Types Of E-Learning 2022: All Ten Types of E-Learning

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In this article, I have shared my knowledge on “Types of E-Learning”

Some educational scientists have classified e-learning into categories based on learning technologies, while others have decided to focus on criteria like synchrony and learning content. All of these findings will be distilled into ten easily distinct forms of e-learning in this essay.

These are the 10 types of e-learning:

  • Computer Managed Learning (CML)
  • Computer Assisted Instruction (CAI)
  • Synchronous Online Learning
  • Asynchronous Online Learning
  • Fixed E-Learning
  • Adaptive E-Learning
  • Linear E-Learning
  • Interactive Online Learning
  • Individual Online Learning
  • Collaborative Online Learning

Some educational scientists, on the other hand, have chosen to categorise e-learning types more simply. There are only two sorts of e-learning, according to them: computer-based e-learning and internet-based e-learning.

This classification approach could be considered more accurate because it distinguishes e-learning from online learning, which are often used interchangeably.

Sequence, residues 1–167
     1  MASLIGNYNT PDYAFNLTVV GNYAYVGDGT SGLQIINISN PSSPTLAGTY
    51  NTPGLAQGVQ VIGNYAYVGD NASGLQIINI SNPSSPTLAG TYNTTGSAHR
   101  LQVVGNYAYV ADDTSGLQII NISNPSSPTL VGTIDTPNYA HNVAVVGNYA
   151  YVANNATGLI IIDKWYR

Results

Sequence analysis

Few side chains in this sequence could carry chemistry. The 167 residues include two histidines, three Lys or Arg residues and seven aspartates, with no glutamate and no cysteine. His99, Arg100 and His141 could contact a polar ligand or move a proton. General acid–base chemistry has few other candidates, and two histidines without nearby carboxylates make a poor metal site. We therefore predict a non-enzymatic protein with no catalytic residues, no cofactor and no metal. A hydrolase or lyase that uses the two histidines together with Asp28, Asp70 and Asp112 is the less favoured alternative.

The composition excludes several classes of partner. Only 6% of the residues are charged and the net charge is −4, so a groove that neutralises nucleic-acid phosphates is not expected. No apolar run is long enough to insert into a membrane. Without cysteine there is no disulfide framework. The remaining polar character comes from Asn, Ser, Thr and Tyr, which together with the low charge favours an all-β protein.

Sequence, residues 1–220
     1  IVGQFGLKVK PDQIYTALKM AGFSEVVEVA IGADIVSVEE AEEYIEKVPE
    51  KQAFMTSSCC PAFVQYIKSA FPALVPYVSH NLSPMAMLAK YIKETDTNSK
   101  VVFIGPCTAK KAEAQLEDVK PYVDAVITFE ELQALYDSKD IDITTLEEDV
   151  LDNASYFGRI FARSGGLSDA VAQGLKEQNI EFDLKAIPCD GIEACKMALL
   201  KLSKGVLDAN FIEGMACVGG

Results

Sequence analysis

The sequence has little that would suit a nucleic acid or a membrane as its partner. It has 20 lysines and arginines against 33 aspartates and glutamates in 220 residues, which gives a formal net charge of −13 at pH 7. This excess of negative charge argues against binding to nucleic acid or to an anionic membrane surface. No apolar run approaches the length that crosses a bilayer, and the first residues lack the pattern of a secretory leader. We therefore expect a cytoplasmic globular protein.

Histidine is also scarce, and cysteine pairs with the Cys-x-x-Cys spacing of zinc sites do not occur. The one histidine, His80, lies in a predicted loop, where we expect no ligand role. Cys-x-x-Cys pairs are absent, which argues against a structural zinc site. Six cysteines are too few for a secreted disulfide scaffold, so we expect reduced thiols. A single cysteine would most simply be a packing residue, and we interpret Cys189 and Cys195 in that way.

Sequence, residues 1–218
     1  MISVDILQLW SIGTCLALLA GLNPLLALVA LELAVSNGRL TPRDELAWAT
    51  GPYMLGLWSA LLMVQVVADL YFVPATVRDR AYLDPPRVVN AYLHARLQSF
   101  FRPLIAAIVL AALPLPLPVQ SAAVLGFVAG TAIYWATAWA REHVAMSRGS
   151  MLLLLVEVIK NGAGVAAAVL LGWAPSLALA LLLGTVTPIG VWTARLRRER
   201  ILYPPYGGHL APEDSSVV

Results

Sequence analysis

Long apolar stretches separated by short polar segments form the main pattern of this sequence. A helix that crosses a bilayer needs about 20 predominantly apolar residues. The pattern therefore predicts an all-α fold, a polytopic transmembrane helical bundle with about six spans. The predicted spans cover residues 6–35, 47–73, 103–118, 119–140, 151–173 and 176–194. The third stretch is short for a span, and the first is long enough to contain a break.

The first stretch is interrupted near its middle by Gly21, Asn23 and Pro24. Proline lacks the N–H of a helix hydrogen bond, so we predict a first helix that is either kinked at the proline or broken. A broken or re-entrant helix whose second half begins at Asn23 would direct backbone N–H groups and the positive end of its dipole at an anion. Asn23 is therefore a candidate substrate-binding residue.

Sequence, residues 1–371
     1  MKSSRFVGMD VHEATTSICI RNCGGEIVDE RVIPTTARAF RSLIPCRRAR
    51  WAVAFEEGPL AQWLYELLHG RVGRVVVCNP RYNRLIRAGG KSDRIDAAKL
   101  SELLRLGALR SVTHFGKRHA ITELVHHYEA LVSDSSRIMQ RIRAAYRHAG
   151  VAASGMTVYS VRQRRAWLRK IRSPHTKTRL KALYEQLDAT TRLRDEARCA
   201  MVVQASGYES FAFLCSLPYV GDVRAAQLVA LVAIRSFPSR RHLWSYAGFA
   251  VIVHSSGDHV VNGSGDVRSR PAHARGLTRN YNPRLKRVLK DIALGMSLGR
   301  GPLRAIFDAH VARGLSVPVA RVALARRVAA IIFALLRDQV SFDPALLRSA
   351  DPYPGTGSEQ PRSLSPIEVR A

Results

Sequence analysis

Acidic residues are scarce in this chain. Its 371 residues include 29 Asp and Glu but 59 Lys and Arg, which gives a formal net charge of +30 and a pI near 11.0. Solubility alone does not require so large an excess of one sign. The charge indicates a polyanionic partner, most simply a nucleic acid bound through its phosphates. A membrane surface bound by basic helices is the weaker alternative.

Although some types of e-learning, such as CML and CAL, are not required to take place online, they are nevertheless termed e-learning.

Computer Managed Learning (CML)

Computers are used to manage and assess learning processes in computer-managed learning (CML), also known as Computer Managed Instruction (CMI). Information databases are used by computer-assisted learning systems.

These databases contain bits of knowledge that the student must learn, as well as a number of ranking characteristics that allow the system to be customised to each student’s preferences.

Types Of E-Learning

Due to the two-way connection between the student and the computer, it is possible to determine if the student met his or her learning objectives to a suitable degree. If not, the procedures can be repeated until the learner has met his or her learning objectives.

Computer Assisted Instruction (CAI)

Computer Assisted Instruction (CAI), sometimes known as computer-assisted learning (CAL), is a sort of e-learning that combines traditional teaching with the use of computers.

This could refer to interactive software for students or the type of training software utilised by Stanford University‘s Patrick Suppes in 1966.

To promote learning, computer-assisted training methods use a combination of multimedia such as text, pictures, sound, and video. CAI’s main benefit is interaction, which allows students to become active rather than passive learners through the use of quizzes and other computer-assisted teaching and testing systems.

Most schools nowadays, both online and traditional, use various forms of computer-assisted learning to aid their students’ development of skills and knowledge.

Synchronous Online Learning

Synchronous online learning allows groups of students from all over the world to participate in a learning activity at the same time.